Are you afraid to approach your dog while they are eating or chewing a bone? Is it difficult for you to have your dog drop something you don’t want them to have?
At Muttz with Mannerz™ we have a passion for pups and want to help you raise your dog to be safe and a loving part of your family and your community for life.
What is Resource Guarding?
Resource Guarding is when your dog protects something that has perceived value to them from what they feel is a threat to them (i.e another dog or human). That does not necessarily mean there is a real threat, but your dog thinks there is a threat. Your intention when you’re walking toward your dog may not be to take the item, but if the dog feels you are, that’s a perceived threat and they may show varying degrees of protective behavior.
Resource Guarding is a natural defense mechanism that is a part of our (humans and animals) base biological survival mechanisms. Therefore, on its own, it is not a behaviour that is problematic. It’s only when your dog’s behaviour goes too far, or it doesn’t fit the situation that it’s problematic for you and your dog.
Resource Guarding is not just about Food!
A common misconception is that resource guarding is only over food, treats, or bones. Your dog can choose to resource guard any item they find valuable – a sock, your shoe – even a person or another pet in your home.
How Does it Start?
Resource Guarding can occur at any age and is common to see developing in puppies as they mature or in a dog if there are changes in the household ie: new pets, children, etc. Resource Guarding can also be a learned behaviour – if you take something away from your dog every time they have it and they find it valuable to them – they may start guarding that item.
What are Common Behaviours to Watch for?
Common behaviours that you will see are; running away as you approach, growling, stiff body language, cowering over an item, curling up of lips, or more serious escalation such as biting.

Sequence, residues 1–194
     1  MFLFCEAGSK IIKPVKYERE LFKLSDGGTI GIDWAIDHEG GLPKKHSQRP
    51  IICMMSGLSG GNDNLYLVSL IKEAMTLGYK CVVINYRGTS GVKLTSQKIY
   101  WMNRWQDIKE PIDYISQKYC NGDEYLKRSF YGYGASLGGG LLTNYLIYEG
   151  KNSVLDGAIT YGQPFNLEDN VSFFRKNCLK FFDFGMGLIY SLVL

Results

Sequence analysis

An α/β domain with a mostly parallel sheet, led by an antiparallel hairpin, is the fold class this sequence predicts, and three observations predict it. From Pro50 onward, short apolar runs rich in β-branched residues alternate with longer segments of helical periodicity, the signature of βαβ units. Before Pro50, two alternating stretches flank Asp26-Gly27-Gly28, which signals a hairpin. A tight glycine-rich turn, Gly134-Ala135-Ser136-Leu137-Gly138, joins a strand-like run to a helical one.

If you are not familiar with your dog’s body language and what it means check out our podcast Episode 007: How to Read Your Dog’s Body Language or our article on Understanding Your Dog’s Body Language.
What is one thing that I can do to help?
If the severity of resource guarding is not too dangerous, or not too serious, then teaching your dog to trust you enough to willingly give up an item can really help.
Work with your local dog trainer for an effective process on how to train your dog to use a “drop it” or “give” command as a verbal cue when you want your dog to release whatever he has. Working with your trainer, you’ll begin with items of lower value to your dog and slowly work up to items of higher value. Building trust is key and must be built up slowly.
Call a Professional
If your dog’s behaviour is escalating (you think there is a chance of a bite) or if you want help before it escalates, we recommend you seek a qualified professional. Look for a Dog Trainer or Behaviour Consultant that is experienced in dealing with resource guarding to help you.
Check out our podcast this month Episode 15: Understanding and Overcoming Resource Guarding with Karen Baxter. Karen is a Dog Behaviour Consultant in the York Region at Unified K9 https://www.unifiedk9.ca/ with years of experience to help you and your dog.
At Muttz with Mannerz™ we are committed to providing you with the help and resources that you need for you and your pup so that you can live a happy, healthy life. To contact us visit our website at www.muttzwithmannerz.com